Cooperation in Arrow 17 exercise
An international exercise is cooperation between troops, countries and different branches. The Arrow 17 exercise forms a base to practice cooperation and compatibility, and to further develop those areas. The level of tactical knowledge increases when practicing together.
In international exercises, a significant amount of work is done already before the actual exercise begins. It is important to carefully define the common objectives of the exercise, decide the measures to reach the goals and then to create a suitable organization. It requires several kinds of authorisations and diplomatic maneuvers, such as bringing in guns or foreign soldiers to another country. It is useful to know as early as possible, which countries are participating in the exercise, to have enough time for the preparations. Lieutenant Colonel Juhana Skyttä from the Armoured Brigade has been attending the preparations of Arrow 16 last year, when the exercise took place in Finland for the first time.
– We have more experience now than last year, so it has been easier to deal with practical issues like logistics and entering Finland, Skyttä explains.
Multinational, compatible troops
The common language and commonly set means for communication are in a key aspect of multinational exercises. All the equipment and communications systems have to be compatible; issues like radio frequencies have to be agreed in advance to be fully compatible. In Arrow 17 there has been a lot of work done in advance to adjust the simulator systems from the participating countries to work together. This year in Arrow 17 the simulators are used ever more than last year which means that all operational troops have two-way simulator units in use.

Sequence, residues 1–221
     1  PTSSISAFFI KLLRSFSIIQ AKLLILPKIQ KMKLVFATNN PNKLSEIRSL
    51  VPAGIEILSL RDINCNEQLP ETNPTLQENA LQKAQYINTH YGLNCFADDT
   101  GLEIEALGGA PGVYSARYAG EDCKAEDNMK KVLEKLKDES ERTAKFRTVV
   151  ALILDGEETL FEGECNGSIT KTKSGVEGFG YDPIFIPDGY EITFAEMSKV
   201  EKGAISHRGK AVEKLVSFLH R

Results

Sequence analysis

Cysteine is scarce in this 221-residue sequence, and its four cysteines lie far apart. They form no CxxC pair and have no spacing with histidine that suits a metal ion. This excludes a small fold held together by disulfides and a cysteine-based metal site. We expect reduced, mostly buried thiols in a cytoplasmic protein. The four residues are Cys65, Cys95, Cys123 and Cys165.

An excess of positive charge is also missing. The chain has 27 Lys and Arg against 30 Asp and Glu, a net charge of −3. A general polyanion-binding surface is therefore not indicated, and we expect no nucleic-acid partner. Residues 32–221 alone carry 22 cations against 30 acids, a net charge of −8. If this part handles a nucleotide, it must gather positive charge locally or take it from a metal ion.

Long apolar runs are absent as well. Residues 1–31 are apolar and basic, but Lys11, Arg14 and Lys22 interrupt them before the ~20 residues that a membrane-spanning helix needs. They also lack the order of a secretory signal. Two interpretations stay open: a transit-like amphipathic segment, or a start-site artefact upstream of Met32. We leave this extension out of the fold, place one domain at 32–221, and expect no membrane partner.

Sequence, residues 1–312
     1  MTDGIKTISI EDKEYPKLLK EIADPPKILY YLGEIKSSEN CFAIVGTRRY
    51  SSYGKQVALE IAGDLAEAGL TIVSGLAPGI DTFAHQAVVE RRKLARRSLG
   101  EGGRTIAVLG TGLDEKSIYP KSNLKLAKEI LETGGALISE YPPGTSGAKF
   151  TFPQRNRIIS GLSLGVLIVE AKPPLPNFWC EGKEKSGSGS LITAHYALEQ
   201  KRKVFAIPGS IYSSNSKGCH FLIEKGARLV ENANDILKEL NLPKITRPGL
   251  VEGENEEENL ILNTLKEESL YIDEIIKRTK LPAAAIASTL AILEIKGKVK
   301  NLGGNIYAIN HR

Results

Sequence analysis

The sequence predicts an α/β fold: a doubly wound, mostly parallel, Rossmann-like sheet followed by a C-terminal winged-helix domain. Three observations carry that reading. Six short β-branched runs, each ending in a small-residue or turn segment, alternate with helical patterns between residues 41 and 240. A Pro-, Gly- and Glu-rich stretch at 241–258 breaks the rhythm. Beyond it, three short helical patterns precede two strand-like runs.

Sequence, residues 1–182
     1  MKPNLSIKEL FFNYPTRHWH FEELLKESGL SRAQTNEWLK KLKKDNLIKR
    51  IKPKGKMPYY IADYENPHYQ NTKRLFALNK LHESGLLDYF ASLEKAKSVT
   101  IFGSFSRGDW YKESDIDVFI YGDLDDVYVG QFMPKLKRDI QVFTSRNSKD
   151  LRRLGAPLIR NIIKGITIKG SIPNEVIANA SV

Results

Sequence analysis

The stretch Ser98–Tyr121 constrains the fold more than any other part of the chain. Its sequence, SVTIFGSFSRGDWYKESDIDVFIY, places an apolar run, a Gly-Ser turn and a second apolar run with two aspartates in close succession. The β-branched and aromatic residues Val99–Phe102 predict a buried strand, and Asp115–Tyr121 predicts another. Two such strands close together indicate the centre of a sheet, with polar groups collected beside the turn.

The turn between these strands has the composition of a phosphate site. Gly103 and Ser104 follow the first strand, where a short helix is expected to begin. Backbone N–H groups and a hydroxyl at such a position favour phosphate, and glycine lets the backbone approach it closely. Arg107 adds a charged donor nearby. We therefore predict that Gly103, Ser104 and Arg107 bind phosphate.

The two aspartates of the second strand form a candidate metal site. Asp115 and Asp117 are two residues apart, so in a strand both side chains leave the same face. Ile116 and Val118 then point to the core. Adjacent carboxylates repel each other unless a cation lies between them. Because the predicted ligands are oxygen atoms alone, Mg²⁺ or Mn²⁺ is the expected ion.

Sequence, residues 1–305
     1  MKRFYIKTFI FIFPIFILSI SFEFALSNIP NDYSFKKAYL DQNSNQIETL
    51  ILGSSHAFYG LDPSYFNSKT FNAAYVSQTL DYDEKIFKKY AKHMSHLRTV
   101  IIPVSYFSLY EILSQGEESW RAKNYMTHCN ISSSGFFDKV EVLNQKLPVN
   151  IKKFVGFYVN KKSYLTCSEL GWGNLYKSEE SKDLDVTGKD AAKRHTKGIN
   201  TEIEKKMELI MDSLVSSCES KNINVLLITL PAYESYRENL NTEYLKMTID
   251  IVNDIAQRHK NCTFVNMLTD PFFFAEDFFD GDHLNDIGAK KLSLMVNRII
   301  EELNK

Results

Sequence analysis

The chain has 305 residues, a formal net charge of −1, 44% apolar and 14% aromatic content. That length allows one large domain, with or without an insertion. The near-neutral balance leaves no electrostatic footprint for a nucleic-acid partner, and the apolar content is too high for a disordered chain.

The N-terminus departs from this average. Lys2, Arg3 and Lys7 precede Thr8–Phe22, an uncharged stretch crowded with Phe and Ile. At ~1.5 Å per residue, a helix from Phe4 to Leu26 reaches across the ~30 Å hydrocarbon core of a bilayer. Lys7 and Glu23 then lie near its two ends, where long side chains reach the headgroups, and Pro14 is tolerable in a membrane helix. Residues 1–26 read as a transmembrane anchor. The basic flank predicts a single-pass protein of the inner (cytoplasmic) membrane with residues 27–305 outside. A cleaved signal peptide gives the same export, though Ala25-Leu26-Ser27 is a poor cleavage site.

Different branches aiming at seamless cooperation
In Arrow 17 the participating troops are forming two battle groups, thus creating a two-way battle exercise.Both battle groups have a mix of nationalities and individual troops. The impact of a combating unit, is only as how well they effectively utilise their weapons systems to reach the goals. The idea of branches cooperating together is based on a fact that each branch has to perform at it's best, and then by seamless cooperation with other branches, they are together providing the optimal results required and reaching their set goals. A lot of practice is needed for smooth and effective cooperation. Everything starts from an individual soldier who has to master his own duties and then to be able to act as part of a bigger unit. A typical example of cooperation between branches is for example; combat engineers, air defence and infantry cooperating together in a battle. The communication has to work perfectly to support the coordination of all the troops.
It all starts from an individual
In a battle situation everything affects everything else. If one platoon is slow, or not being able to fulfill it is duty properly, everybody is affected. For troops to be able to act effectively, even in unexpected situations, there has to be plenty of training, first on the individual level and then in bigger units. The one controlling the situation is always the fastest. Careful preparations and complete orders help to cooperate well. The commander of the battle group has an important role in those situations, but in the end every single soldier matters, and is needed to complete the task at hand. Lieutenant Colonel Juhana Skyttä is satisfied with the troops:
– All the action in this exercise has been very smooth and fast, Skyttä says.
– The Norwegian conscripts seem to be very active and brisk, very similar to the Finnish ones! Skyttä sums up.